The governance of digital switchover of terrestrial television in the European Union: The role of policy framing
Digital switchover of (DSO) of terrestrial broadcasting constitutes one of the most critical moments of policy change in Europe because it offered a unique opportunity of reconceptualising public media space for the next era of communication. The promise of a plural and public service oriented broadcast policy legitimized efforts of citizens investing in digitization, provided public acceptance and approval to the changes set to terminate analogue television. This article explores the policy framing of the switchover process in the European Union. It finds that DSO was constructed around overly technical and economic frames in the policy, a strategy, which allowed building an argument of neutrality of technology and hence of the steps policy-makers were making. This construction did not address the exclusion and side-lining of the social and political consequences of free-to-air reduction. The article argues that this practice provided a low-conflict policy process led by the European Commission between 2005 and 2015 and showcased a paradox on European spectrum policy. The article further argues that the governance of digitalization of Europe’s screens presents a case of highly complex low-salience regulatory policy, which means muted participation of citizens and limited public debate. Ultimately, this strategy undermines democratic practice and meaningful transparency in European policy-making as it eliminates deliberations on what constitutes public interest in the 21st media context. The analyses of communication DSO policy as a matter of polity situate well with European media governance scholarship.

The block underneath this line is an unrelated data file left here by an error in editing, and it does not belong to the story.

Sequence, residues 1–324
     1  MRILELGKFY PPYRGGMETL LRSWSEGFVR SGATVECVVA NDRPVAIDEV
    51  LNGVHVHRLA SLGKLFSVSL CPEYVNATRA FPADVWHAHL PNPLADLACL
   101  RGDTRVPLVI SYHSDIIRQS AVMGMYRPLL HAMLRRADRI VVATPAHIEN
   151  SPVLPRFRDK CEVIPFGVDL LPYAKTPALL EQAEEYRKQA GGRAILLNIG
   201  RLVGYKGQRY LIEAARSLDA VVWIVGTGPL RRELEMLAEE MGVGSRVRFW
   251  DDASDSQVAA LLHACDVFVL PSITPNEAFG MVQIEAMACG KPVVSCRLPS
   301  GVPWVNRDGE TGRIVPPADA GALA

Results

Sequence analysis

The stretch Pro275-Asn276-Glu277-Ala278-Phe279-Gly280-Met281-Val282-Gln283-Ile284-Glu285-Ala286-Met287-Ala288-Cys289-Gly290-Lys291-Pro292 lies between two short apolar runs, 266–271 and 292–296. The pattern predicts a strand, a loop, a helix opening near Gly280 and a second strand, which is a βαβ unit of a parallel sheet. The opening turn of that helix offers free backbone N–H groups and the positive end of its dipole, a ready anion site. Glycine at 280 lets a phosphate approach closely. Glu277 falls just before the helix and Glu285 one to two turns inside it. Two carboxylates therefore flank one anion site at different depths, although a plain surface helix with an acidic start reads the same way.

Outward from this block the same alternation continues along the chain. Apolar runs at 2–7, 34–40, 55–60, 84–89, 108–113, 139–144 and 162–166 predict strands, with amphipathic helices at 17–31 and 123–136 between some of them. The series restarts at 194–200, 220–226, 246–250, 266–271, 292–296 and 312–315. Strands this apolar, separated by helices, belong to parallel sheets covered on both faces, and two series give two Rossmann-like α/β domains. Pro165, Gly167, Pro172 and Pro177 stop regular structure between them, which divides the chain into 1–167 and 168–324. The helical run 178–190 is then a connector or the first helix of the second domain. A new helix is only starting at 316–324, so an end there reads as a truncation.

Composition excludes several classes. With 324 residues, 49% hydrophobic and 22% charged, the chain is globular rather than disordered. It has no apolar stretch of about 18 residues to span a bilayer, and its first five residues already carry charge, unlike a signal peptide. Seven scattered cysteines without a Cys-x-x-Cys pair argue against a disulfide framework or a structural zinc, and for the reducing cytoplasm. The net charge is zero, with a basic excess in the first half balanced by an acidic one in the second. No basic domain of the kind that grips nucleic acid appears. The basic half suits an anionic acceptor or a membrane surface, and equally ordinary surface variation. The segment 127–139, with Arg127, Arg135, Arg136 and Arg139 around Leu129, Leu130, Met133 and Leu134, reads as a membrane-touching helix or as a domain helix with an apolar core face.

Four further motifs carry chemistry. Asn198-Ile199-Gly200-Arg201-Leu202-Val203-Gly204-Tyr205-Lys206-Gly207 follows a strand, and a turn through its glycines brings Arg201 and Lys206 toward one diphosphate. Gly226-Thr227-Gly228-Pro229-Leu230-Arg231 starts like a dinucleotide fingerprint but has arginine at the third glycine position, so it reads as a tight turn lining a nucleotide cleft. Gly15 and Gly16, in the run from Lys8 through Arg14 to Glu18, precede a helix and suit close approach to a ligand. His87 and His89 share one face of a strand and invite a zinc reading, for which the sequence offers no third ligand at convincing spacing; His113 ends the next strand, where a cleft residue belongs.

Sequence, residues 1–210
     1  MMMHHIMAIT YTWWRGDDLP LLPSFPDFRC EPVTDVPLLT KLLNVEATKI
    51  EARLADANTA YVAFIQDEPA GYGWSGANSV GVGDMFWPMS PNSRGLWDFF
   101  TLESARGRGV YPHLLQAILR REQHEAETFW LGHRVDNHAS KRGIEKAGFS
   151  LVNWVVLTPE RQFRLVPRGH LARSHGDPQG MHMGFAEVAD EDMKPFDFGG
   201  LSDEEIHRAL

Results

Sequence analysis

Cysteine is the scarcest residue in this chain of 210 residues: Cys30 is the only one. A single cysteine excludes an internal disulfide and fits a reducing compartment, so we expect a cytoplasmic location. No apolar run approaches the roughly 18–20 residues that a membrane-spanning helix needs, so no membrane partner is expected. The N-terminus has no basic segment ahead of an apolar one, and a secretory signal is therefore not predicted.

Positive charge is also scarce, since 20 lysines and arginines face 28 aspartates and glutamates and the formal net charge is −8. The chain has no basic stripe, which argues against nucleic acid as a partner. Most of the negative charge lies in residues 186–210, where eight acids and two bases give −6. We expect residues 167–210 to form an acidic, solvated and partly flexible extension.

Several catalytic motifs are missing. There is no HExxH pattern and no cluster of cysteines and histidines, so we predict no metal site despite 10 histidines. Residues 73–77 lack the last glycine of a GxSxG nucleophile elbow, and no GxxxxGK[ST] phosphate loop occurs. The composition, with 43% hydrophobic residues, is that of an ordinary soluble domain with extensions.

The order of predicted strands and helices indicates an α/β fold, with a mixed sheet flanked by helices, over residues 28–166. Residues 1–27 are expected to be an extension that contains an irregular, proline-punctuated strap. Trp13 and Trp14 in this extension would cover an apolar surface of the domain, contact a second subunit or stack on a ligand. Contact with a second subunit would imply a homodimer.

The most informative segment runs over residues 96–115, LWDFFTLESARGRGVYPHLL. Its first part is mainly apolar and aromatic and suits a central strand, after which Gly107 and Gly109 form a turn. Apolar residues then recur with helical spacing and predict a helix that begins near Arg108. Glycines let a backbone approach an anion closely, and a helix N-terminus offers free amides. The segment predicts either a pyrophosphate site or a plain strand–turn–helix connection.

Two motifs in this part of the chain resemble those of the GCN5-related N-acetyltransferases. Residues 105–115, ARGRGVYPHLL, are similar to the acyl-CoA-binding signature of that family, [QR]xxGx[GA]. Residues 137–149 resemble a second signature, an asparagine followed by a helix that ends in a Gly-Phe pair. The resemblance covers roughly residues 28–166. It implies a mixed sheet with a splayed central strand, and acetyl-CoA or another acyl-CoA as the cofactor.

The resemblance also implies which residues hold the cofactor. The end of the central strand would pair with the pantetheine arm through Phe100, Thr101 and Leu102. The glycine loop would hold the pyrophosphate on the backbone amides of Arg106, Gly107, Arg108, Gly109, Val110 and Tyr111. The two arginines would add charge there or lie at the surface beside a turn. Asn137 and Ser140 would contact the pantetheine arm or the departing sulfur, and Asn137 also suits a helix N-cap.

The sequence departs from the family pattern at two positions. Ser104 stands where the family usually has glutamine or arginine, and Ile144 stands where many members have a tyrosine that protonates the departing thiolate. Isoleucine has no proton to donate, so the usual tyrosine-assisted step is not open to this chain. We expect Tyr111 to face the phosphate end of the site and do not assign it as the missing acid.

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Document Type: Research Article
Publication date: March 1, 2019
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- The Journal of Digital Media and Policy (formerly known as International Journal of Digital Television) aims to analyse and explain the socio-cultural, political, economic and technological questions surrounding digital media and address the policy issues facing regulators globally. This double-blind-peer-reviewed journal brings together and shares the work of academics, policy-makers and practitioners, offering lessons from one another's experience. Content is broad and varied, ranging from a mixture of critical work on technology, industry and regulatory convergence, to the emerging wider socio-cultural and political questions such as the application of online networks, the rise of cloud computing and the Internet of Things. We intend to examine critically emerging wider questions such as the role of 'digital citizens', the regulatory environment for the new platform industry and the role of state regulation in an increasingly global media industry.
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